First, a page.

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Hedge Fund

What is a 'Hedge Fund?'

A hedge fund is an alternative investment that uses pooled funds. These use a range of different strategies to generate active return, or alpha, for investors. Hedge funds can be managed aggressively, or they can use derivatives and leverage in both home and international markets with the aim of generating high returns. Hedge funds can usually only be accessed by accredited investors because they have less SEC regulations compared to other funds. The hedge fund industry has been set apart from other investment vehicles because hedge funds face less regulation.

Each hedge fund is built with the aim of taking advantage of specific identifiable market opportunities. They are usually classified according to investment style due to their use of different investment strategies. This is a wide range of risk attributes and investments amongst styles.

In legal terms, hedge funds are usually configured as private investment limited partnerships that require a large initial minimum investment and are open to a limited number of accredited investors. Hedge funds require investors to keep their money within the fund for a minimum of one year, meaning that investments in hedge funds are illiquid. This period of a year is known as the lock-up period. Withdrawals are also limited to certain intervals, which could be quarterly or bi-annually.

Unique Hedge Fund Characteristics

  1. They’re open only to qualified or accredited investors: Accredited or qualified investors are classed as individuals that have had an annual income of over $200,000 for the last two years, or that have a net worth of over $1 million, which excludes their primary residence. Hedge funds can only take money from such individuals. The SEC considers qualified investors as the only people suitable to handle the potential risks that come with a wider investment mandate.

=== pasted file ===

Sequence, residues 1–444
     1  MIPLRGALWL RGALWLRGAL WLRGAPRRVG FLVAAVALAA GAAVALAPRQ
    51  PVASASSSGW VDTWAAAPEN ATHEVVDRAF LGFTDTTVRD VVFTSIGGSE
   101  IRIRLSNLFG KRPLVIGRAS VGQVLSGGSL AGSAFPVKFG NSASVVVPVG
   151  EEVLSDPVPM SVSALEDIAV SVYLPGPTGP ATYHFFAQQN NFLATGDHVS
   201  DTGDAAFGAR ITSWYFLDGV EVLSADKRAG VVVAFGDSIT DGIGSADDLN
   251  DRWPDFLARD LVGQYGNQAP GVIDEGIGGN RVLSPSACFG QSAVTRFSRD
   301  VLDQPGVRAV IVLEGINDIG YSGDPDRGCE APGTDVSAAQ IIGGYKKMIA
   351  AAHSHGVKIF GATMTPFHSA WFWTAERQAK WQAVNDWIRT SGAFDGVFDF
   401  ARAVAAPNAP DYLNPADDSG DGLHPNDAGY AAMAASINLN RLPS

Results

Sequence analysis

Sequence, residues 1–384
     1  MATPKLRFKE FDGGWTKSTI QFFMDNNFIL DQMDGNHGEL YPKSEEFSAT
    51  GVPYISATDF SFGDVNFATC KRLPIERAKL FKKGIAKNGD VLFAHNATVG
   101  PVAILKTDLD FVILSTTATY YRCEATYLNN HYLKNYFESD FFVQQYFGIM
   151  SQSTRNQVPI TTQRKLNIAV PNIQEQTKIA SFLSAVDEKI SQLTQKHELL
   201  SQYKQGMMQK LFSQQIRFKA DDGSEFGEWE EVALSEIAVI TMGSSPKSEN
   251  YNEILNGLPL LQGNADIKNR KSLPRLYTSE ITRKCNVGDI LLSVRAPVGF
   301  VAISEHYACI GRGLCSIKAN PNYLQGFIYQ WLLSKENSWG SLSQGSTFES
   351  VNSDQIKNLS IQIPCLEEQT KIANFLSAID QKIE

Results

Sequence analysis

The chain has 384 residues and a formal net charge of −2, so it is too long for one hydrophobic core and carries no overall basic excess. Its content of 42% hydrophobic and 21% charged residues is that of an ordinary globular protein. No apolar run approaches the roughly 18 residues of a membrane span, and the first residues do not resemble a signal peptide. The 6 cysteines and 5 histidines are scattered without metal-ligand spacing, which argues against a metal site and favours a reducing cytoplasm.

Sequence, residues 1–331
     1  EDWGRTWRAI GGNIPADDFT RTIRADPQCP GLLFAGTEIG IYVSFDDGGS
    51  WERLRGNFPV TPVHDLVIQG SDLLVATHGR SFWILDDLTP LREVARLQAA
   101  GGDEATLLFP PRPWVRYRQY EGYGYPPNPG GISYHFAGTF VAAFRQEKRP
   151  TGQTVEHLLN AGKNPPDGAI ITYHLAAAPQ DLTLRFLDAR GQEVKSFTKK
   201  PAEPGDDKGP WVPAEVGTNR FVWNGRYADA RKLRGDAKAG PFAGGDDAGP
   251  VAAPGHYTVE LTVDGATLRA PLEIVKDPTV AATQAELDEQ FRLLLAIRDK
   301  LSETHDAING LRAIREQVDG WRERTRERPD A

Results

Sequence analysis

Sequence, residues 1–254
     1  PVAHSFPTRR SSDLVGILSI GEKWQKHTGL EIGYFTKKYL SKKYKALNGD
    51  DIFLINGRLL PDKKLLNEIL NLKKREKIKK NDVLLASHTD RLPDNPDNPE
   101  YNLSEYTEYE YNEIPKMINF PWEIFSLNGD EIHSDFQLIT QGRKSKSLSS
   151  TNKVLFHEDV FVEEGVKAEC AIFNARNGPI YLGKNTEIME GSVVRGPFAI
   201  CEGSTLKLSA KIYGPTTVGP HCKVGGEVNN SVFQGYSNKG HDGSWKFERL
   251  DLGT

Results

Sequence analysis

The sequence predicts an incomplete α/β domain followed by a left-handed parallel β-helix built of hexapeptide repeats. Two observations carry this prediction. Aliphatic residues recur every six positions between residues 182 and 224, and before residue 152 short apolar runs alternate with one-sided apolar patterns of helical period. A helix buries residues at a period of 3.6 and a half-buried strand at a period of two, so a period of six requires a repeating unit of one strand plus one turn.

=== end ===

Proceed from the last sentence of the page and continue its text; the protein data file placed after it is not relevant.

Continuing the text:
2. Wider investment latitude is offered by hedge funds in comparison to other funds: The only thing an investment fund’s universe is limited by is its mandate. A hedge fund is able to invest in basically anything, whether this is real estate, land, derivatives, stocks, or currencies. In contrast, mutual funds are essentially limited to bonds or stocks, and are majority long-only.

  3. They employ leverage often: It is not uncommon that hedge funds will use loaned money to amplify their returns. As seen during 2008’s financial crisis, leverage is als able to wipe out hedge funds.

  4. Fee structure: As opposed to charging only an expense ratio, hedge funds charge a performance fee as well as an expense ratio. The fee structure is known as ‘Two and Twenty.’ A 2% fee is charged for asset management, and 20% is cut from any gains that are generated.

There are more characteristics that are unique to hedge funds, but in general, hedge funds are allowed to pretty much do what they like because they are private investment vehicles and because they only permit wealthy individuals to invest. This applies as long as they are transparent regarding their strategy, and disclose it upfront to investors. This may sound risky, and sometimes it is a risk. Some of the largest financial blow-ups have been where hedge funds were involved. However, the flexibility of hedge funds has led to some fantastic long-term returns being produced from some highly talented money managers.

The objective of hedge funds is to maximize the ROI, despite the term ‘hedging’ meaning the attempt to reduce risk. The name of the hedge fund is down to historical roots, due to the first hedge funds attempting to short the market by hedging against the downside risk of a bear market. These days, hedge funds use many different strategies, so it would be inaccurate to say that hedge funds are only used to hedge risk. Actually, because of the fact that speculative investments are made by hedge fund managers, these funds can in fact carry more risk than the overall market.

Risks of Hedge Funds

  1. They can be exposed to potentially large losses due to a concentrated investment strategy

  2. Investors are typically required to lock up their money for a number of years.

  3. Use of borrowed money or leverage can lead to significant loss what could have been a minor loss.

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